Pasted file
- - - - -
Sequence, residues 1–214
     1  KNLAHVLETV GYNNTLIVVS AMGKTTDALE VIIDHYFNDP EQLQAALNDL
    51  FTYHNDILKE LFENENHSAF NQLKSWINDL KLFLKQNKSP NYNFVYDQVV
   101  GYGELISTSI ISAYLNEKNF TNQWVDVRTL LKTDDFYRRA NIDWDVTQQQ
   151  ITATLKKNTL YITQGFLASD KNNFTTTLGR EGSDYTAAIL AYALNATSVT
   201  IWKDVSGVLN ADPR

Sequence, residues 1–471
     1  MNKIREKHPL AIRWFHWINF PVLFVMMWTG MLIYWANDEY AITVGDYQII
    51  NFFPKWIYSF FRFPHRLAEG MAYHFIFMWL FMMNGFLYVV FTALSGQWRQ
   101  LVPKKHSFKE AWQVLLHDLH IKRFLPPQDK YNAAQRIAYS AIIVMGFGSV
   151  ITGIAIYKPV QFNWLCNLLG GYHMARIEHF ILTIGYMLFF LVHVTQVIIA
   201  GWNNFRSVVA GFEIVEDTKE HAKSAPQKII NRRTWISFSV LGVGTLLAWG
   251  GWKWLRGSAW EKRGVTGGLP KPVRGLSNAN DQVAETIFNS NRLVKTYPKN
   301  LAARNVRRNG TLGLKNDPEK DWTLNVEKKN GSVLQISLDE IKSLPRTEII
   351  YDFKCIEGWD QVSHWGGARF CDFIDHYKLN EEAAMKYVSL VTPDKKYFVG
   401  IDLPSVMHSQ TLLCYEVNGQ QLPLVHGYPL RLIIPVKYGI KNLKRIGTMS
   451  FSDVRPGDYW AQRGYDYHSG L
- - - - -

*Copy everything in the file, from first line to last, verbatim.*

Sequence, residues 1–214
     1  KNLAHVLETV GYNNTLIVVS AMGKTTDALE VIIDHYFNDP EQLQAALNDL
    51  FTYHNDILKE LFENENHSAF NQLKSWINDL KLFLKQNKSP NYNFVYDQVV
   101  GYGELISTSI ISAYLNEKNF TNQWVDVRTL LKTDDFYRRA NIDWDVTQQQ
   151  ITATLKKNTL YITQGFLASD KNNFTTTLGR EGSDYTAAIL AYALNATSVT
   201  IWKDVSGVLN ADPR

Sequence, residues 1–471
     1  MNKIREKHPL AIRWFHWINF PVLFVMMWTG MLIYWANDEY AITVGDYQII
    51  NFFPKWIYSF FRFPHRLAEG MAYHFIFMWL FMMNGFLYVV FTALSGQWRQ
   101  LVPKKHSFKE AWQVLLHDLH IKRFLPPQDK YNAAQRIAYS AIIVMGFGSV
   151  ITGIAIYKPV QFNWLCNLLG GYHMARIEHF ILTIGYMLFF LVHVTQVIIA
   201  GWNNFRSVVA GFEIVEDTKE HAKSAPQKII NRRTWISFSV LGVGTLLAWG
   251  GWKWLRGSAW EKRGVTGGLP KPVRGLSNAN DQVAETIFNS NRLVKTYPKN
   301  LAARNVRRNG TLGLKNDPEK DWTLNVEKKN GSVLQISLDE IKSLPRTEII
   351  YDFKCIEGWD QVSHWGGARF CDFIDHYKLN EEAAMKYVSL VTPDKKYFVG
   401  IDLPSVMHSQ TLLCYEVNGQ QLPLVHGYPL RLIIPVKYGI KNLKRIGTMS
   451  FSDVRPGDYW AQRGYDYHSG L